Progressing from the popularity of VR, developers are also trying to make VR a visual culture by experimenting with human-computer interface design. The researchers used the phrase ‘break the glass and go inside the machine’, VR has already fulfilled that by literally putting the user into the technology (through the physical components). However, I feel that only having a physical representation of breaking the barrier between human and computer is not enough to create the visual culture that the chapter mentioned. There is still the narrative stage that increases the interaction between the user and the database within the computer, and also the method of showing information on the computer, and how accessible this database is. VR definitely helps to amplify the immersive effects between human and computer, but I still feel that there are more layers that actually build this culture.

All in all, this chapter has given me a good insight into the debates and perspectives on VR, and that has let me better understand it as a whole.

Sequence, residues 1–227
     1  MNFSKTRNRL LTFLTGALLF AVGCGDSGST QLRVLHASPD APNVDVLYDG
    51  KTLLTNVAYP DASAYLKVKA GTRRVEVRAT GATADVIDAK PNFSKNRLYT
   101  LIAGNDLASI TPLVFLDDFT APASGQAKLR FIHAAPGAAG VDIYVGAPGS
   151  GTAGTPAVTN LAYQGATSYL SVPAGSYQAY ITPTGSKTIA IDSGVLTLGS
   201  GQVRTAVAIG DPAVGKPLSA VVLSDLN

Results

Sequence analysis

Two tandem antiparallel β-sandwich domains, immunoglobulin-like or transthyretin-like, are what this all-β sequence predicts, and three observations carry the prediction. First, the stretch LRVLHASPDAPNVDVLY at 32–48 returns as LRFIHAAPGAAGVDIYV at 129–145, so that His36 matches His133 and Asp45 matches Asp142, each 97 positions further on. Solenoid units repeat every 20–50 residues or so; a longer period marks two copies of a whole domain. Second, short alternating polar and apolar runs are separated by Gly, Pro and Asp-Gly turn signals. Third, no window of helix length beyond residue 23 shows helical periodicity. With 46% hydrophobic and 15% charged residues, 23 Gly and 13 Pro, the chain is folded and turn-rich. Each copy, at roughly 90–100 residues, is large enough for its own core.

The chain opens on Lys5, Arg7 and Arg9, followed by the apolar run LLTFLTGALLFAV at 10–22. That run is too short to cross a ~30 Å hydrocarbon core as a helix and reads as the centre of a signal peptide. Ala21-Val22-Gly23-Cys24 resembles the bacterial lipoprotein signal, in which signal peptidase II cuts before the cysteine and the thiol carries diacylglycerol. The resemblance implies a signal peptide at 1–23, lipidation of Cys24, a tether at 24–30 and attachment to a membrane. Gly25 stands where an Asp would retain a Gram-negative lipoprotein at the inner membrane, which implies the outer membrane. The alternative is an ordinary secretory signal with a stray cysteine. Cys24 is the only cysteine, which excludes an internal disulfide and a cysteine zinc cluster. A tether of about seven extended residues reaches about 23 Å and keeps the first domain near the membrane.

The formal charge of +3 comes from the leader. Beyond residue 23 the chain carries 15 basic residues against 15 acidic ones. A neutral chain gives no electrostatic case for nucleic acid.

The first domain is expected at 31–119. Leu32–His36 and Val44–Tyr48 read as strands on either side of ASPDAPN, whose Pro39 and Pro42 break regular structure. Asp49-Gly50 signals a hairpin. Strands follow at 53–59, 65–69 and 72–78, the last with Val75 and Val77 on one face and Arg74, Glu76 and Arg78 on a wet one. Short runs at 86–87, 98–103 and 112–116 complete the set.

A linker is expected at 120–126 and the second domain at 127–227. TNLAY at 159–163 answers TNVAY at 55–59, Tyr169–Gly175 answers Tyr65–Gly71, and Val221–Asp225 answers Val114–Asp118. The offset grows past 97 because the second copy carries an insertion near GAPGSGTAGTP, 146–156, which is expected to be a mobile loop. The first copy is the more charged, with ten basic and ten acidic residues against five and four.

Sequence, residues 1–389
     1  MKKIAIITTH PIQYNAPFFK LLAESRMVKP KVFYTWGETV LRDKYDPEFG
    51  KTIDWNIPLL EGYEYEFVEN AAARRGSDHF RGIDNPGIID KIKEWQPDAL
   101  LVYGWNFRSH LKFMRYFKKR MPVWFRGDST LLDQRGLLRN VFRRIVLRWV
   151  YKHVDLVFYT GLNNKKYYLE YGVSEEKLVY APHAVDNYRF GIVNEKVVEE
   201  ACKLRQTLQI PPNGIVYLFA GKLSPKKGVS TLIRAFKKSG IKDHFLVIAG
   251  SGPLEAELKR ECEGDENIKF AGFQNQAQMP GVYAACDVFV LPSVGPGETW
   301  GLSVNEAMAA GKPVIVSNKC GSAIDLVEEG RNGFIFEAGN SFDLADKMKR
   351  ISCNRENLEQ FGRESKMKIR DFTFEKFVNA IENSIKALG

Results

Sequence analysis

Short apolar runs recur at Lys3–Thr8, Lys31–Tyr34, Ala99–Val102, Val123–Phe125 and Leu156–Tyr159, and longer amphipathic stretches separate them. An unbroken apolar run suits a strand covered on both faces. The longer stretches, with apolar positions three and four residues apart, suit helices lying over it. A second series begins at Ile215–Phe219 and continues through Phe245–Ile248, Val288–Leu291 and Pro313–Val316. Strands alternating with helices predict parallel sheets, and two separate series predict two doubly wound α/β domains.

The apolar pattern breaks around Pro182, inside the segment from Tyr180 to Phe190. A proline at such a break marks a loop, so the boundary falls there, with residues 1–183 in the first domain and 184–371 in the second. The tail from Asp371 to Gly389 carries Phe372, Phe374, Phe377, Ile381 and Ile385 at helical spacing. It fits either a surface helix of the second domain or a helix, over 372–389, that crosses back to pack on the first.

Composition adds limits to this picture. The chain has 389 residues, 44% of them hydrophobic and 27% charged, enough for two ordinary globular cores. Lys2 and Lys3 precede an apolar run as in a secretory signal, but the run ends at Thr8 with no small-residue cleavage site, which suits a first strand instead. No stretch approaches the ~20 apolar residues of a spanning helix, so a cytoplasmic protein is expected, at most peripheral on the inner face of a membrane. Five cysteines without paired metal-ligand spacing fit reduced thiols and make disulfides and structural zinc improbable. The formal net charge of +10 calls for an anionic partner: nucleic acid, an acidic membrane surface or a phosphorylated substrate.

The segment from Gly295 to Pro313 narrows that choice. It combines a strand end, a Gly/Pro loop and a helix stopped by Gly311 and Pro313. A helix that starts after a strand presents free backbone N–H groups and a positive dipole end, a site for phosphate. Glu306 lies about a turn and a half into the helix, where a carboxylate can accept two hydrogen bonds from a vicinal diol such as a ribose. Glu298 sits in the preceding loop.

Inspiring piece of Interactive Art

Led by design team Rombout Frieling lab, Station of Being is an experimental bus station, which transforms the waiting experience through interactive light feedback and pods to lean on while waiting for the bus.

About Rombout Frieling lab

Rombout Frieling Lab is an architecture studio that focuses on design, engineering and innovation. They create environments that seduce us to behave more intelligently by resonating with our deeper needs and by using the potential of the natural world and bodies in particular. They lead complex projects from insight to implementation, with the motto of making matter move.

Concept of Station of Being


With electric buses starting to function reliably, cities worldwide aim to boost the public transportation experience in order to reduce car usage. However, in Sweden, bus stops are usually open-air, and people have a hard time waiting during winter as it is too cold. And a normal bus stop would not make taking public transportation seem very attractive.